Welcome to our first Shark Tankaway!
In this series of articles, we will be exploring various takeaways from one of our favorite shows, Shark Tank. If you haven’t seen the show, the basic premise focuses on entrepreneurs at all levels ranging from folks in retirement to experienced business professionals to teenagers finishing high school. Each participant has the opportunity to pitch their idea to several investors (the sharks). After the pitch, the entrepreneurs are asked all kinds of questions so the sharks can better understand the genesis of the idea, how far along the product or service is and how passionate the people behind the company are. Typically, the entrepreneurs will ask for some type of financial investment in exchange for an ownership percentage in their company. The show is fascinating and enjoyable – if you haven’t seen it yet we highly recommend checking it out!
Watch and learn.
One of the major reasons we’re such advocates for the show is that you can learn a ton about what to do and, more importantly, what not to do. Being able to articulate the value proposition of your idea is an unavoidable obstacle you will face. It takes a ton of practice and several rounds of iteration before you can be sure the messaging around your idea resonates with people. These quick reads are intended to give you bite-sized tips and tricks focusing on the wide range of techniques, tools and approaches seen in the show that you could incorporate (or avoid at all costs) when you’re giving your idea elevator pitch to friends, family or even potential investors.
In honor of the first Shark Tankaway article, we thought long and hard about how to ensure this round of takeaways could be exceptionally special. The last thing we are hoping is that you read this and think to yourself “and for that reason I’m out” on Wheelhouse Factory. We want to give readers something that is applicable to all idea types, regardless of where you’re at in the process. Something that is relatable across all industries and product or service types. In the spirit of Shark Tank, we want to help you create the best possible version of your pitch so you’re confident, prepared and ready to swim with the sharks.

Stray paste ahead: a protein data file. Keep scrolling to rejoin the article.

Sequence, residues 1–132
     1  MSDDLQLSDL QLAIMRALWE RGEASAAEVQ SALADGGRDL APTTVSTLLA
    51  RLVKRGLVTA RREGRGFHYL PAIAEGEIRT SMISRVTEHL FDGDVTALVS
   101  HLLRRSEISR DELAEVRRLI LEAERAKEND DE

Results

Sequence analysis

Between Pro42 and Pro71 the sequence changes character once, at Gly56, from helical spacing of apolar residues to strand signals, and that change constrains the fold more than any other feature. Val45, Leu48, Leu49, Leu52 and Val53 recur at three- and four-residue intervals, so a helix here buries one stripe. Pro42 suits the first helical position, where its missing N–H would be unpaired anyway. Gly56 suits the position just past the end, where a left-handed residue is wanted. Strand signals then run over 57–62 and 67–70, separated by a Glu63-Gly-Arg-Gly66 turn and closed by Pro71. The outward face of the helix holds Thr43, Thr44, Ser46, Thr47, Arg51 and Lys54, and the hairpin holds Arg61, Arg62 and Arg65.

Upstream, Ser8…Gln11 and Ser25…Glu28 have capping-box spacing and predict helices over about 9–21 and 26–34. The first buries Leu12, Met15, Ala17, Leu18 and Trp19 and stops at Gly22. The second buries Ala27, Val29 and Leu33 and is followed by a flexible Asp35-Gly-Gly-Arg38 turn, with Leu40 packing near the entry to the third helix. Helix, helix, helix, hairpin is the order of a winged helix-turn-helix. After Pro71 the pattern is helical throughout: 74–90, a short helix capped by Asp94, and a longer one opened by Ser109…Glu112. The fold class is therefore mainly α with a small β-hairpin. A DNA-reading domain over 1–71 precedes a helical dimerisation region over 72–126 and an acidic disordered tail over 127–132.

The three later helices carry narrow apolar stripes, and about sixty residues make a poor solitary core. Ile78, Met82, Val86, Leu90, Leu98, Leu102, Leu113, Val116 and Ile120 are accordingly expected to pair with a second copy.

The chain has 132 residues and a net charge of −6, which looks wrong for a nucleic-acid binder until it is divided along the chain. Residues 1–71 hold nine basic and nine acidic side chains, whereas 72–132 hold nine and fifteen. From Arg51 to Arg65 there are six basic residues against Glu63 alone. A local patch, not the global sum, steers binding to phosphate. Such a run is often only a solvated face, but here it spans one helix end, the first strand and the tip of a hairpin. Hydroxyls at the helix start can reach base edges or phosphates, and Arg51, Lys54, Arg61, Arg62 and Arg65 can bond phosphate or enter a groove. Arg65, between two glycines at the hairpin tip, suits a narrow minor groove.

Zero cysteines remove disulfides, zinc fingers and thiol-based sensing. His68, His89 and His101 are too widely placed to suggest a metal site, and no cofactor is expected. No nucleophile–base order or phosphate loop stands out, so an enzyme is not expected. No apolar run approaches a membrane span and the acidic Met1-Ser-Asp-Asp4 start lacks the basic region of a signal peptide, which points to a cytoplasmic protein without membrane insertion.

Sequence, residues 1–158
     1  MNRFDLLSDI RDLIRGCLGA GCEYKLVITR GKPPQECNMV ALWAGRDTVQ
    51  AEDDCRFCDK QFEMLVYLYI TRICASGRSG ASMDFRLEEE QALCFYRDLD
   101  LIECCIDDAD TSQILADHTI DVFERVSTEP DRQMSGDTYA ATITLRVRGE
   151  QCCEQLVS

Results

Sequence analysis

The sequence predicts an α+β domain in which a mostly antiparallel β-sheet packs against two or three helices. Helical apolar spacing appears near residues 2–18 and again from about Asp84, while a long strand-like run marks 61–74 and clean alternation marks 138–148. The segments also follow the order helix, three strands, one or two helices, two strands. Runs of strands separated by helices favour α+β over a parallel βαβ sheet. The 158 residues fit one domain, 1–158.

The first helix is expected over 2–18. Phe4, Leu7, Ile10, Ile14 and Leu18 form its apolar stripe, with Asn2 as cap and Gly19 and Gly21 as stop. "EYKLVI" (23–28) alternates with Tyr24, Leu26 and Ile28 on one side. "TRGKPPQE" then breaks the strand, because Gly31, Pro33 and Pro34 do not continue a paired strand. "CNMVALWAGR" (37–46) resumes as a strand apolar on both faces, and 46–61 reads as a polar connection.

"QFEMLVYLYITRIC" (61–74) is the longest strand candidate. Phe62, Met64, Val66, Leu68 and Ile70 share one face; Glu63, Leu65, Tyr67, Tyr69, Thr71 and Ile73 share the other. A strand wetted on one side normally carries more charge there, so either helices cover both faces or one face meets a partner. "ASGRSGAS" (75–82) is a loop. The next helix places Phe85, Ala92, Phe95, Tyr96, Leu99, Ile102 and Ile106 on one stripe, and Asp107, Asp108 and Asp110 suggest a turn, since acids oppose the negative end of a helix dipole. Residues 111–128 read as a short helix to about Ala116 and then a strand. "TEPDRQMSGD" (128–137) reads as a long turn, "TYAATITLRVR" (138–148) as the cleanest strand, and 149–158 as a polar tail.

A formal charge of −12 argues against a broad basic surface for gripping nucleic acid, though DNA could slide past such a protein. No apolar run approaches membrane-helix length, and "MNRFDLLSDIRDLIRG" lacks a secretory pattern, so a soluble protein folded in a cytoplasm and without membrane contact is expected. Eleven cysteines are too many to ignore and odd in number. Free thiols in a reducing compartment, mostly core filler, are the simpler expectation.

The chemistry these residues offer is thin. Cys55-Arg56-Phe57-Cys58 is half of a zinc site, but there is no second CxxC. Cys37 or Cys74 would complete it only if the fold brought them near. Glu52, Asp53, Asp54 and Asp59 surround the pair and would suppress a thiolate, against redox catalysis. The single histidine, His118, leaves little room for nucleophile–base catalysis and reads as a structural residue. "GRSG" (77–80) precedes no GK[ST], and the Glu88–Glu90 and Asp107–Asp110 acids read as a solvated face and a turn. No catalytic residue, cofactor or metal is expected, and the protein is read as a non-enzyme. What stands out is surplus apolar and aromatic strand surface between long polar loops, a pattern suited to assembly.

Shark Tankaway #1
Do everything you can to make sure your product or service idea is useful.
The last thing you want is to spend your time and money on something that no one has a use for. Let’s look at a couple of classic examples of this misstep from Shark Tank. The first is the infamous Sticky Note Holder presentation from episode 102. The basic idea is that overzealous sticky note usage can result in a messy, disorganized working area.
Clearly, the idea is ludicrous as shark Robert Herjavec immediately points out that all the contestant has done is create a sticky pad for sticky pads. The rest of the sharks quickly follow suit with their own responses of bewilderment. Collectively it was basically the Jim Downey scene from Billy Madison. If the sticky notes are creating a distracting work area, people could easily just straighten out their sticky notes or perhaps find a new location for them that is less of an annoyance. With an easier, less costly solution readily available you must wonder, is the product really useful?
But wait . . . there’s more.
The second example is a product that puts a new spin on a fly trap with the No Fly Cone from episode 410. This product idea seemingly had everything – a built product that was already on the market, a memorable pun in the name, cute dogs and an endorsement from an established celebrity in Seth MacFarlane, the creator of Family Guy.
Despite all this fire power, there were a couple of critical errors in the execution. Number one, the spokesman appeared to endorse the entrepreneur’s character rather than the product, Seth didn’t even own it himself. Second, the product was only useful if the consumer created the environment for it to work. In other words, in order for the fly trap cone to become effective you have to place it over a pile of dog waste. The idea being that the flies would be interested in checking out the situation and unwittingly get caught in the sticky material coating on the inside of the cone. But, what happens if you don’t have a dog? What happens if you have a fly problem inside? We certainly hope you’re not going to endorse your pup doing its business indoors.
In summary, you need to do everything you can to make sure your product or service idea is useful. Put the time in up front to do the market research necessary to determine who your idea is useful for and how practical it is to use. Your end product or service will be better for having gone through this critical step in development.
– Trevor Lightfoot